Amy Greenberg: Corporate Fit

By 
Lindsey Ramsey, Contributing Editor

During a 30-year foodservice career, Amy Greenberg has learned how her role fits into the larger corporate world; only thing is, she keeps redefining it.

At A Glance: Amy Greenberg
•Senior Vice President
•Citi Executive Services, New York, N.Y.
•Grew up in West Orange, N.J.
•BA in English from Hofstra University, associate’s degree in culinary arts from the Culinary Institute of America, Hyde Park
•Married to Al Levy, has one son, Dylan, 13

•Manages Citi’s Executive Dining and Conferencing division, which reports to Executive Services. She is also responsible for coordinating multimedia support for conference and meeting spaces.

•Executive Dining has three New York City locations, one in Chicago and one in San Francisco, each with seating for 50 to 200 people. Citi has three NYC-area conference center locations, which have 10 to 24 meeting and training rooms, 300-seat auditoriums, full media support and full-service catering.

•Among Greenberg’s accomplishments at Citi have been the integration of multimedia groups under the Executive Services umbrella, which increased managed volume by 44%. Greenberg also implemented sustainable and organic purchasing and initiated a team to collect used foodservice oil for conversion into biodiesel fuel.


Food Service Director - Spotlight - Silver Plate - Amy Greenberg - Citi Executive ServicesAmy Greenberg’s passion for foodservice has served her well during her 28-year career, especially recently with unstable market conditions causing her to walk a tightrope of maintaining budgets and creating efficiencies while still offering high quality service. Although, tough times may lie ahead, Greenberg’s insatiable drive to succeed has already allowed her to make her mark on Citi’s Executive Services.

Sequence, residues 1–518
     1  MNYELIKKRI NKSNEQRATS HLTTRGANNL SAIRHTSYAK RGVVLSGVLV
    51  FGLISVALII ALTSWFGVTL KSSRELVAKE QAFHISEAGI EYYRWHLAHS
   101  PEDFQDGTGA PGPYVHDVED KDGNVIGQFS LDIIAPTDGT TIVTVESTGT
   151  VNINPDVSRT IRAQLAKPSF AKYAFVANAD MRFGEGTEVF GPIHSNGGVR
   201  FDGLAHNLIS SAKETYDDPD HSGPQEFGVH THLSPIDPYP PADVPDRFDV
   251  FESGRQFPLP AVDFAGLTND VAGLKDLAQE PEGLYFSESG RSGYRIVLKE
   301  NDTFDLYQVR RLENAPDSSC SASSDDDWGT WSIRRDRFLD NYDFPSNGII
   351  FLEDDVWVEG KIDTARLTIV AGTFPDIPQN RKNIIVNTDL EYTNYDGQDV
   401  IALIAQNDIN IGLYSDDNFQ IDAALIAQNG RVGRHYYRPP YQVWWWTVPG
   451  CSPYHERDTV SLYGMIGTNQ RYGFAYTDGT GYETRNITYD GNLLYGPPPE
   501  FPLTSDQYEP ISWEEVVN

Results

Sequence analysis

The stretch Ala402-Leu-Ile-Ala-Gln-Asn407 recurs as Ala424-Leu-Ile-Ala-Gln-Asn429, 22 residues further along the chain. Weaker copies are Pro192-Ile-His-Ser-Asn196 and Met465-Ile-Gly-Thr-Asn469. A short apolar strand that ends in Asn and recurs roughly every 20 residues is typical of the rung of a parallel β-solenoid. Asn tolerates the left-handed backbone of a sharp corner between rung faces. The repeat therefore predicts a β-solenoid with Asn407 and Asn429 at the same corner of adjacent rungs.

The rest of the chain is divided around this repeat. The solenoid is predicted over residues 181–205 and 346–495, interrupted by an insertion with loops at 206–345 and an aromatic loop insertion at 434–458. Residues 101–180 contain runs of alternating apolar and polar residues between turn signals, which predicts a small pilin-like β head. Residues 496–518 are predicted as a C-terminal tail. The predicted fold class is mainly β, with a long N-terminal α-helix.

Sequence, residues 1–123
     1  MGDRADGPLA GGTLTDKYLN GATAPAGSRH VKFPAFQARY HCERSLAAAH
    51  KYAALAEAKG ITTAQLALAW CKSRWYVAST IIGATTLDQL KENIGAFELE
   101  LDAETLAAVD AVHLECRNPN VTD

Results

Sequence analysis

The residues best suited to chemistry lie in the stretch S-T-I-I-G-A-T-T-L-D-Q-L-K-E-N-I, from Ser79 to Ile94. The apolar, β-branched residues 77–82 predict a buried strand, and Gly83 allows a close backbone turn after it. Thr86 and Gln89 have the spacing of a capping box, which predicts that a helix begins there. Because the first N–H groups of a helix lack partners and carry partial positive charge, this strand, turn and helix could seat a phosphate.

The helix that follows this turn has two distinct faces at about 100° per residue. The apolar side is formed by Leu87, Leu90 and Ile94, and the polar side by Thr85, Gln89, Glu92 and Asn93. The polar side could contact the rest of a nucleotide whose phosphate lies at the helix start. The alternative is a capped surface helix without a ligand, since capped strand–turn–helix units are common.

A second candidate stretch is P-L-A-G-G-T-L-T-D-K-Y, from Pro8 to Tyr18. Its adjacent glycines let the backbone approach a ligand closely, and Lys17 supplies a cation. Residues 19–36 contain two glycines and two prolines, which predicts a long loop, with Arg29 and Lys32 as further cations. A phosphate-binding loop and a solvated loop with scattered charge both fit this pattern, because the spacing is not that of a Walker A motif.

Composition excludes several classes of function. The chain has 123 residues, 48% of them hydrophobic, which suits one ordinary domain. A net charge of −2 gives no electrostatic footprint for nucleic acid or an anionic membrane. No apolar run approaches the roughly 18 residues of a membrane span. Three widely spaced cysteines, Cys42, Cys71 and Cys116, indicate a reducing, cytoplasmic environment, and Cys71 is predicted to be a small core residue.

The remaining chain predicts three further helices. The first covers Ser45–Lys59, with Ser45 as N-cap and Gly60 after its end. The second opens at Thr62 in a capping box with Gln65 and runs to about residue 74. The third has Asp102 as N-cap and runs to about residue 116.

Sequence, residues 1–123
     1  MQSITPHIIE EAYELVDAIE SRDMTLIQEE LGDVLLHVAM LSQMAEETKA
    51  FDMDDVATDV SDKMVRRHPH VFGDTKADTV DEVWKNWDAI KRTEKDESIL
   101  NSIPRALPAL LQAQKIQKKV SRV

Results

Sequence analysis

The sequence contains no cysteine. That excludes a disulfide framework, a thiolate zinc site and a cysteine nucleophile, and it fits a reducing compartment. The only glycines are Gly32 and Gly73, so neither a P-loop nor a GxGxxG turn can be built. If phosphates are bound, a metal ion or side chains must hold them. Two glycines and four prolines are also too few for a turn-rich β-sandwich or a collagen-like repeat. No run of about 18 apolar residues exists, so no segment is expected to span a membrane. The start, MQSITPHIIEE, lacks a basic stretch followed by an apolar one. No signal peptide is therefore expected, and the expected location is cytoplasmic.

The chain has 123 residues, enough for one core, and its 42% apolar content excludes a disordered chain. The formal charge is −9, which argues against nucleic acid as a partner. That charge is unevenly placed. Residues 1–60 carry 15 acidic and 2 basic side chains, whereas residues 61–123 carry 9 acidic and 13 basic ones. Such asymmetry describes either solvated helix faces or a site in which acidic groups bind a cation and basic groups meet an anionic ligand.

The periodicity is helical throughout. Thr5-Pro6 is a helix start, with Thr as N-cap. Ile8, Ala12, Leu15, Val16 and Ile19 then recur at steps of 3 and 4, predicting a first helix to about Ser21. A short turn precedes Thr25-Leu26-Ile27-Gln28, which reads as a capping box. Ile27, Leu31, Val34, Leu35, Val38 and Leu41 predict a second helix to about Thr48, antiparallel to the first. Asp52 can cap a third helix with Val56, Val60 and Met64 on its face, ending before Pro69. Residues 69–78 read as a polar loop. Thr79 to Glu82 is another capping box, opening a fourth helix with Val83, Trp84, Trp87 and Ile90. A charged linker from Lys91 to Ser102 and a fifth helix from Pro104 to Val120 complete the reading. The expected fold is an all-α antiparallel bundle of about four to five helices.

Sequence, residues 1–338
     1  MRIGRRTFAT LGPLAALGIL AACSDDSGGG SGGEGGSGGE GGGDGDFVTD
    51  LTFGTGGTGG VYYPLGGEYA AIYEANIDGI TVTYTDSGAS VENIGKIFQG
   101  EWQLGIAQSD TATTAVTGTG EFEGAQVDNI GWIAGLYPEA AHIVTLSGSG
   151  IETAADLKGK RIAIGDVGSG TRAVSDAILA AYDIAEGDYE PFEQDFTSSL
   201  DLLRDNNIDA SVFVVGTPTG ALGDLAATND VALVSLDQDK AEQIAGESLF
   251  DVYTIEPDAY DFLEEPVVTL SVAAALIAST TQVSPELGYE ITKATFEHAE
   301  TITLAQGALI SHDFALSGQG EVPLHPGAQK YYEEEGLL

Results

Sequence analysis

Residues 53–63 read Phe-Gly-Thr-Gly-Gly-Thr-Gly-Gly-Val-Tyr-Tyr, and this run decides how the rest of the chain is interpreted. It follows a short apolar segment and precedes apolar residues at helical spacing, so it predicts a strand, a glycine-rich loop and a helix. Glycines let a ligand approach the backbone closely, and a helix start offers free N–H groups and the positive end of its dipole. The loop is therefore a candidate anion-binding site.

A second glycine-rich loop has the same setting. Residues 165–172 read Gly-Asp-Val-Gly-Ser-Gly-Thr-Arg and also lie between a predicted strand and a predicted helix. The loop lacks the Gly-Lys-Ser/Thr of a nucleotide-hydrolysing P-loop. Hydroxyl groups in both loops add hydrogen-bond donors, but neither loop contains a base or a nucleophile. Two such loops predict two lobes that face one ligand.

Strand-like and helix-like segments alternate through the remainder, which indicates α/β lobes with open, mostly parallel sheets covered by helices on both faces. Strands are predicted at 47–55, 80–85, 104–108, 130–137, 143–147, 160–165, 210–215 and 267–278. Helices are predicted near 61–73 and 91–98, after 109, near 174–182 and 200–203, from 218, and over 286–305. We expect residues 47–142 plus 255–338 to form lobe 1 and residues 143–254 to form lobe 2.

“My father was in the camping business and a lot of camp property owners had company picnics at the campground on weekends. I always worked those events and we would serve hamburgers, hot dogs, chicken, clam chowder and other picnic-type foods to hundreds of people. I did that for many years and I enjoyed interacting with people and playing with food. So when I graduated from college, there wasn’t much I could do with an English degree so I applied to the CIA. It was one of the five best things I’ve ever done. I loved handling the food and I loved learning about cooking.

I think foodservice and hospitality are about one of life’s most basic needs: nurturing. It’s about caring; it’s about taking care of people and it’s about love. How can you not be passionate about that? I believe I would have been driven to succeed in any field I chose—I’m just a very competitive person—however, I was very turned on by foodservice during my time at the CIA, which made it easy to follow my competitive instincts. 

I sought a job in the corporate sector because I really didn’t want to do the restaurant lifestyle. I got a job at Saga, which was a predecessor company to what is now Sodexo. The job was a chef manager position at a Wall Street company called Drexel Burnham Lambert. They wanted to hire a culinary graduate because they really wanted someone to spice up their program. When I got there, it was a very old-fashioned executive dining room. They wanted to bring in some new blood and get some new ideas, so that’s what I did. I modernized menus and brought in à la carte techniques, and it was very successful. They actually hired me on to be their client liaison and interface with the contractor. I left to go to a similar job at American Express, but that was to open up a new building and manage their dining, which was a big growth experience for me.

I came to Citi in 1996. I’ve stayed through several mergers; when I first came here the company was much smaller and called Smith Barney. Although my role was consistent from merger to merger, my responsibilities grew in size, scope and complexity with each change. The changes all brought about different expectations and as the complexity grew, so did accountability. You also have to learn, understand and balance the new culture in order to incorporate and manage it into your current operational parameters. Throughout all the mergers, I learned that they are inevitably emotional and difficult, but in order to move forward, you need to quickly build bridges and trust so you can manage a new team.